By Andreas Flourakis; Directed by Lyto Triantafyllidou
Part of the 2018 New York International Fringe Festival
Off Off Broadway, Play
Runs through 10.27.18
FringeHUB, 685 Washington Street
by Rachel Abrams on 10.22.18
The cast of I Want A Country.
BOTTOM LINE: I Want A Country is an expressionistic smattering of ideas about what it means to want to immigrate to a new country, and what an ideal new country might look like.
It comes as no surprise that a play by a Greek playwright has a lot to say about migration, what happens to individual identity when your home country's government fails you, and what it means to truly belong in a country.
I Want A Country is an abstract take on mass migration of immigrants from a struggling nation. We follow a diverse ensemble of people dreaming of a new country where they can thrive and guarantee a worthwhile future for themselves. The terms under which the “country is dying” are vague, but we are told they are talking about Greece; likewise, we’re not quite sure where the ensemble of migrants intends to go but it sounds a lot like the U.S. But perhaps they will make up their own country instead? As they prepare to get on a boat and go on their journey, the ensemble imagines what their new lives will be in their new country. What are the requirements for citizenship? What kind of economy will there be? What will they do with their memories of the old country? And what if the new country isn’t as wonderful as they hoped?
Along the way, a few personalities pop out from the crowd to offer their perspectives: an artist who wants everyone to feel welcome in the new country, a businessman uninterested in protecting the weak, and a child who just wants to feel safe at night. For the most part, though, the ensemble’s arguments blend together in circuitous questioning on what their new country should be like. But can a new country be truly revolutionary and great if the people creating said country can only imagine previous (imperfect) models of nations as examples?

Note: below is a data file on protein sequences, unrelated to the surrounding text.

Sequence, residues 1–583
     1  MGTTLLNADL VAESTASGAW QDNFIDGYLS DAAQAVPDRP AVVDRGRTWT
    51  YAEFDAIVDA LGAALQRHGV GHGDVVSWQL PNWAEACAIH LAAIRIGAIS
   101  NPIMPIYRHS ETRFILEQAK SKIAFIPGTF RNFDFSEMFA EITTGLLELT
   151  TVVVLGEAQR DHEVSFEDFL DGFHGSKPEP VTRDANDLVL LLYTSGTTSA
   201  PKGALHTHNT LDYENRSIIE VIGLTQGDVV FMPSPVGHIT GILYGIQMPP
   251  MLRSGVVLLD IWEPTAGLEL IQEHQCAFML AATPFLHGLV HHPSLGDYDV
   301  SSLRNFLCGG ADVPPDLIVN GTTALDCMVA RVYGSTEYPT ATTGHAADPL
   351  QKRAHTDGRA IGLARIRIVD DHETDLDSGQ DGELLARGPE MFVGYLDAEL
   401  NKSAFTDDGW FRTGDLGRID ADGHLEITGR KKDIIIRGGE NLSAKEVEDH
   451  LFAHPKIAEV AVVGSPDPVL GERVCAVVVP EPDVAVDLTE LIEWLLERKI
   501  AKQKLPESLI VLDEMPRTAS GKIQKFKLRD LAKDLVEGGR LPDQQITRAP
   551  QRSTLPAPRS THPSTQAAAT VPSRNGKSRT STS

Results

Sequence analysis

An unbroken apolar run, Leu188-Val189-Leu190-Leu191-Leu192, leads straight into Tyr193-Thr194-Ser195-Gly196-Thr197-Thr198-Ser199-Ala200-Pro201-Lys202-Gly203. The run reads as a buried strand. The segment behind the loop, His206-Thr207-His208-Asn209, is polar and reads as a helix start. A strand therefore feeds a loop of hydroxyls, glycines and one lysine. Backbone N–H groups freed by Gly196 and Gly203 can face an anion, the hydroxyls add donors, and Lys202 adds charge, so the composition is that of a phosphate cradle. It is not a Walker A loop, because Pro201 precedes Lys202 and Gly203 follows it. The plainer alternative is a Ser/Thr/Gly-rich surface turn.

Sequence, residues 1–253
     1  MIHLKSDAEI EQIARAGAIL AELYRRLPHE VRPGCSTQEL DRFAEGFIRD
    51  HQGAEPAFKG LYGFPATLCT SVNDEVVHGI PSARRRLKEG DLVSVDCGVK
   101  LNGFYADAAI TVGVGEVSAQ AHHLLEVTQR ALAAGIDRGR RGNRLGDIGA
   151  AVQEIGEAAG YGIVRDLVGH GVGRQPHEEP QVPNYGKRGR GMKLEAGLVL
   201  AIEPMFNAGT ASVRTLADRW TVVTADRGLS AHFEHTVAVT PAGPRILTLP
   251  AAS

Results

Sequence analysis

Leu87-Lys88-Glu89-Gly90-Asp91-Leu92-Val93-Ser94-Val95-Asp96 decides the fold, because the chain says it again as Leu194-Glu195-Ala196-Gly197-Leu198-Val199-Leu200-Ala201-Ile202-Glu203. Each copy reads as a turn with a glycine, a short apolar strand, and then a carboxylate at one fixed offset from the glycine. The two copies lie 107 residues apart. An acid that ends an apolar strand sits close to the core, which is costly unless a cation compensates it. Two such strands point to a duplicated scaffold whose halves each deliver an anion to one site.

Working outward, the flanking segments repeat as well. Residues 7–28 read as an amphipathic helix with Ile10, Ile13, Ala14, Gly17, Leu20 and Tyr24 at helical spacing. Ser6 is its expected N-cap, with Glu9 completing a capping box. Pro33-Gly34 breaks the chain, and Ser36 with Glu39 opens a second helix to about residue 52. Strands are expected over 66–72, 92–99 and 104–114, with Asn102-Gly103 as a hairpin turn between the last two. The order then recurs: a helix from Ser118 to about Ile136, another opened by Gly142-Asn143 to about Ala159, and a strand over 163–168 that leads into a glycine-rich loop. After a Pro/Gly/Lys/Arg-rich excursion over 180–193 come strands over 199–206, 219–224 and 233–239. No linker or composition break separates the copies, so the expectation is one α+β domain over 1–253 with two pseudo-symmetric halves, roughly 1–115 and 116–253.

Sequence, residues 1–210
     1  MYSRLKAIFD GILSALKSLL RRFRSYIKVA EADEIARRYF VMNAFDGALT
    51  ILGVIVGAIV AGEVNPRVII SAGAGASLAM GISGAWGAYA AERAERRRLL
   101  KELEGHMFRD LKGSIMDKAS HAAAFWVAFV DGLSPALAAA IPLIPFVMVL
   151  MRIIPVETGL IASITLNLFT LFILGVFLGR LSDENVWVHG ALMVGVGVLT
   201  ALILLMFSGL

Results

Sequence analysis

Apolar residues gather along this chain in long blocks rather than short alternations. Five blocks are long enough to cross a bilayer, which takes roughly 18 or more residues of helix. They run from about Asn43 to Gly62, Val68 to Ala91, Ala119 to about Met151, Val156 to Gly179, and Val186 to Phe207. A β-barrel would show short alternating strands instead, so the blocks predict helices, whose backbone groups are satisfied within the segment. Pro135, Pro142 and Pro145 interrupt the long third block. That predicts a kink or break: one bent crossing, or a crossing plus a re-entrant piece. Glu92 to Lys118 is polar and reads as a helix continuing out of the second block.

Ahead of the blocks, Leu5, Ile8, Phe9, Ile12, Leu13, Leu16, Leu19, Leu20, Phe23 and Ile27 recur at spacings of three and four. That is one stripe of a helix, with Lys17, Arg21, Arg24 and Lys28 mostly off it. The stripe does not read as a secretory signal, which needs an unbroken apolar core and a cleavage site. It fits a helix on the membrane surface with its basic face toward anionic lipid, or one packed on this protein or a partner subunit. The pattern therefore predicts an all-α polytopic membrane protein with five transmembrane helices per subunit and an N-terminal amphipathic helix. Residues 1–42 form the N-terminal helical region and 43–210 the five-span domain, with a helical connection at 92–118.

The most striking image that director Lyto Triantafyllidou creates is the recurring motif of the ensemble in their triangle-shaped “boat.” The ensemble, at times holding lanterns, sways together as they wait and wonder what’s ahead on the new shores they will find, in an image that's become all too familiar in the mass migrations of recent years.
Despite being born from the nation that created the Aristotelian dramatic arc, I Want A Country is not a traditional story with a linear narrative. (In fact I had several moments where I was confused whether or not the ensemble had even embarked on their journey yet or if the journey thus far was imagined.) This is the kind of theater that feels more like art exhibit, where images are assembled with a loose theme linking each frame. You as the viewer are asked to piece together a narrative and a meaning for yourself from the series of images. Given this, I'd recommend the play for folks who are more interested in idea-based theater than action-based theater, and folks who don't mind a more experimental bend in their plays.
Perhaps the structure of I Want A Country is meant to mirror the experience of an immigrant seeking refuge. We as an audience are left with no guiding principle through the story other than “we want a new country,” in the same way that a band of migrants in the middle of the sea may similarly have no guide. Thankfully, even when we are lost at sea, there are still beautiful images to share and worthwhile questions of how to share a society to explore.
(I Want a Country plays at FringeHUB, 685 Washington Street at Charles Street, through October 27, 2018. Meet at the ORANGE FringeNYC flag. The running time is 1 hour 15 minutes. Performances are Sat 10/20 at 4, Sun 10/21 at 8:15, Thu 10/25 at 7:15, and Sat 10/27 at 4:15. There is no late seating at FringeNYC. Tickets are $22 (plus $3.69 ticketing fee), $16 (plus $3.51) for seniors, and are ONLY available online at fringenyc.org. For more information visit iwantacountry.net.)
I Want a Country is by Andreas Flourakis. Translated by Eleni Drivas. Directed by Lyto Triantafyllidou. Lighting Design by Wyatt Moniz. Sound Design by Evdoxia Ragkou. Stage Manager is Elizabeth Weber.
The cast is Jessy Donn, Joy Donze, Sarah Folkins, Alexandra Gellner, Lamin Leroy Gibbais, Kevin Gonzalez, Olivia Konteatis, and Simon Winheld.